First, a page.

The effort to improve the poorly performing middle school students has started years ago and it remains a continuous drive. Modification of educational strategies is what New York City aims for. To help middle schools in a better way, the focus will be set on enhancing the reading and writing skills of students at middle schools. The plan, started in 2008, now enters the second phase of a campaign. This is done by the City Council and Education Department to support the performance of students. The total of 51 lowest performing middle schools was produced, and after 3 years, the council and the department took the appropriate approach and moved forward to a new batch of eighteen middle schools. The teachers will be trained for their literacy instruction for the students who read at a 3rd or 4th grade level.
According to the deputy chief academic officer for the Education Department Josh Thomases the main issue of literacy in middle school is the transition of learning to reading and vice versa. However, the teachers in middle schools are believed to be not trained to guide the evolution properly. Most often, the teachers are only trained to profess for high school or elementary and only a number of these teachers have the particular certification in middle school.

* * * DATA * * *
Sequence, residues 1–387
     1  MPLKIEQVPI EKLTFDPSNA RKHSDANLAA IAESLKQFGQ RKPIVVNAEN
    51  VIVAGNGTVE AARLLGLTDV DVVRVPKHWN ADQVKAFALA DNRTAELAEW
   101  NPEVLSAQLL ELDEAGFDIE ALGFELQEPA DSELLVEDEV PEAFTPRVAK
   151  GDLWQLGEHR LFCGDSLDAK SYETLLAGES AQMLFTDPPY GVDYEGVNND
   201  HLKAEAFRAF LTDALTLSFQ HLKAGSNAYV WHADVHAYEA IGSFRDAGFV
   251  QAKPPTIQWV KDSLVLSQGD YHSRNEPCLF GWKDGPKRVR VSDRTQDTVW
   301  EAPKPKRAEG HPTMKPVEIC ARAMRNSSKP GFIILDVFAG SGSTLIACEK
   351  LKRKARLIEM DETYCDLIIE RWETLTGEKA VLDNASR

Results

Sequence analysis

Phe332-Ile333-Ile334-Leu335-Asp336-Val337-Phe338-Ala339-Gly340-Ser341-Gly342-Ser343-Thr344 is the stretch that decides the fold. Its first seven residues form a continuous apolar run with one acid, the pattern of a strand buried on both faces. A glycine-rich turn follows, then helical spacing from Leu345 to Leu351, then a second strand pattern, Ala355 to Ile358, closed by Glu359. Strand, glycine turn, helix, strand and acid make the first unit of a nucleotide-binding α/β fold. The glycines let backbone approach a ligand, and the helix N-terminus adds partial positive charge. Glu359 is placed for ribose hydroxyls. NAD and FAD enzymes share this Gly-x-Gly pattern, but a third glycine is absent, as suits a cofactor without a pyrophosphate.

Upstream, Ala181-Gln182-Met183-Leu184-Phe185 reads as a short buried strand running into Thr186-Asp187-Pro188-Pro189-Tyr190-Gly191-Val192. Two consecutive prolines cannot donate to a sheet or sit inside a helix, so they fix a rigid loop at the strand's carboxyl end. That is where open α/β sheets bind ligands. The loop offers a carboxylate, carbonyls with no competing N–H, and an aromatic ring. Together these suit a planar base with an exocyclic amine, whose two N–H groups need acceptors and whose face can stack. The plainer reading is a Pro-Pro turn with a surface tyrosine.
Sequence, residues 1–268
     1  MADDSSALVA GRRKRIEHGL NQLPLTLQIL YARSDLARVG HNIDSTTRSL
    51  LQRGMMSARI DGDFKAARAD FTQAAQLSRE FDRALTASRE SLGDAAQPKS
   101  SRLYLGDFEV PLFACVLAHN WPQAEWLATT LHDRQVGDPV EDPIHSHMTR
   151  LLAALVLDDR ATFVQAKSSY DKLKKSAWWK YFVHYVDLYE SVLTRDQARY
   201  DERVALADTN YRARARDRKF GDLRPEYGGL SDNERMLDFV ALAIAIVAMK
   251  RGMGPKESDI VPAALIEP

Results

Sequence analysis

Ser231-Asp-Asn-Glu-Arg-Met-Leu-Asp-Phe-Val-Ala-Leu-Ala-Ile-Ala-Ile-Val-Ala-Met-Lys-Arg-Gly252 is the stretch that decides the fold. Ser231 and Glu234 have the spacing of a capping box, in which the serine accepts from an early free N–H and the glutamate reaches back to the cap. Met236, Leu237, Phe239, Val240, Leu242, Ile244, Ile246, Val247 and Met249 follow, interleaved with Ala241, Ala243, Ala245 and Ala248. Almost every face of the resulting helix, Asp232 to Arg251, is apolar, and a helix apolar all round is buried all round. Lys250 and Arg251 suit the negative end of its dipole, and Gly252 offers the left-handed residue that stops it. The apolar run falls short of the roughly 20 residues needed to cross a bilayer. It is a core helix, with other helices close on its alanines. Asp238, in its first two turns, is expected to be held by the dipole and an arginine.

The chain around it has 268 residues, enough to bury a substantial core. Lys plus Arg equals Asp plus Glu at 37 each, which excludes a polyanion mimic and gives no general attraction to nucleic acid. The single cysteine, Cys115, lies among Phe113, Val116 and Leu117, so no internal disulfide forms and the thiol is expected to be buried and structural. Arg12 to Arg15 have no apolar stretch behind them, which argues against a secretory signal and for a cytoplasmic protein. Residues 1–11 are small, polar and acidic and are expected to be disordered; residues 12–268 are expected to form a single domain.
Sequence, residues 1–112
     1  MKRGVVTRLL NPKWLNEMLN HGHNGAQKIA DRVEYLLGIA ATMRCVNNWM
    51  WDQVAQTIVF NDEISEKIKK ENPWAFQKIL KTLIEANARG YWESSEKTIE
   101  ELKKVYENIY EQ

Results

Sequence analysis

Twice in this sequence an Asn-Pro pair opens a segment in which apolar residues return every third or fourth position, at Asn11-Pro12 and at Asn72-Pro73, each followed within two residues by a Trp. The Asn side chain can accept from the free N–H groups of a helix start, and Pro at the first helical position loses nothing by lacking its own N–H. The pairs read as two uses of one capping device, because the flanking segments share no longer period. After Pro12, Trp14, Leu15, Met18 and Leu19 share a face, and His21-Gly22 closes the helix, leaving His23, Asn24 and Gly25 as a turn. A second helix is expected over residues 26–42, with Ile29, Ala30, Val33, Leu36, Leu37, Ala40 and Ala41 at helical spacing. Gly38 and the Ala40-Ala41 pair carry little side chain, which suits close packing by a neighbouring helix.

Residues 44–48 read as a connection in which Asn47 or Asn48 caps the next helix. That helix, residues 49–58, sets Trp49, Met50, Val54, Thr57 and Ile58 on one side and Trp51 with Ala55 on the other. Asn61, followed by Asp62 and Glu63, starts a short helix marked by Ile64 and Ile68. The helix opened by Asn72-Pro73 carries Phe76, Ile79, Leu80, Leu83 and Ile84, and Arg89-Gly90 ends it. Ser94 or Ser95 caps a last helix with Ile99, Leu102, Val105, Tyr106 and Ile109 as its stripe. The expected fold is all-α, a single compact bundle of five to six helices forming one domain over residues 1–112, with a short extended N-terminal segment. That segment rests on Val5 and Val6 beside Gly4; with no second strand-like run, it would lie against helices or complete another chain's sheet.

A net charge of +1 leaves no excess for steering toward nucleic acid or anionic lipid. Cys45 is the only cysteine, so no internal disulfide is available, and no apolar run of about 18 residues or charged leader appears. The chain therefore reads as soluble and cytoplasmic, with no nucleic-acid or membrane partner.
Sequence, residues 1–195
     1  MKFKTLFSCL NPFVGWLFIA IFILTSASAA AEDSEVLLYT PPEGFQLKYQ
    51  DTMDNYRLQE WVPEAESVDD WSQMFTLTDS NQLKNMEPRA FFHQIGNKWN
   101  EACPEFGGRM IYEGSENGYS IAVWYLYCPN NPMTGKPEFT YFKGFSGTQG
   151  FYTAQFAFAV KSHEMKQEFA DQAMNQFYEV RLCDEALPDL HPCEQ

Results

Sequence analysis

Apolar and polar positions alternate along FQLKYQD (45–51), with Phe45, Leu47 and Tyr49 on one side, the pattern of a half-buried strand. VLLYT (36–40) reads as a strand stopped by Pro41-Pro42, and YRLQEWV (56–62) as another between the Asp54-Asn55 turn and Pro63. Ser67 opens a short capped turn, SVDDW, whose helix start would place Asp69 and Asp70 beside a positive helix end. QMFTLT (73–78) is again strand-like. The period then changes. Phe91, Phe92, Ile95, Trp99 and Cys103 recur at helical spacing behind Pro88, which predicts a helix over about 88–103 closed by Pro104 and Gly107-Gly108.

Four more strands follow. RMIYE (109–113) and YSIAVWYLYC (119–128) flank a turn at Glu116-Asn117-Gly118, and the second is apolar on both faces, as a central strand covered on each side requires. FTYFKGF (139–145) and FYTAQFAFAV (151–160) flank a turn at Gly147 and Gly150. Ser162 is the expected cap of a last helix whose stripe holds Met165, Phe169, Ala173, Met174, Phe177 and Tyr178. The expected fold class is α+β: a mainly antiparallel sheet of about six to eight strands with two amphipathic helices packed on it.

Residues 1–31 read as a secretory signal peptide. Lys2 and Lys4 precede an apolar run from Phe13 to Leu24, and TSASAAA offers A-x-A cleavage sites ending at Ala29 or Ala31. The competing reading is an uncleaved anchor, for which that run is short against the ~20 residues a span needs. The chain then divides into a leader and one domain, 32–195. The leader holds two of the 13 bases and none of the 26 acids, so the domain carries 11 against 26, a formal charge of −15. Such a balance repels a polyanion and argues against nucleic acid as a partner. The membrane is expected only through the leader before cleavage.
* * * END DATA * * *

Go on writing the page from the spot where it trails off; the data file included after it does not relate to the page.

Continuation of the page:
Mr. Thomases added that due to the specifics of certification process that the middle school teachers are given, none of them have actually trained the secondary school teachers to teach children to read.
The principal at Emolior Academy, Derick T. Spaulding is quite upset after getting the results which show that only thirteen percent of their students met the proficiency bar. These students scored three or four at the English exam that was held last spring. Spaulding then posted fliers addressing that two is not enough for a score in the said exam. The principal added that their students can fluently read, however, they are just having a hard time comprehending or understanding what’s being read.
In regard to the campaign, the education department prefers to employ the second phase of the campaign to other schools. They prefer to support schools whose principals were already receiving the same support networks for this campaign. The officials strongly believe that they will have more success stories with schools like these.
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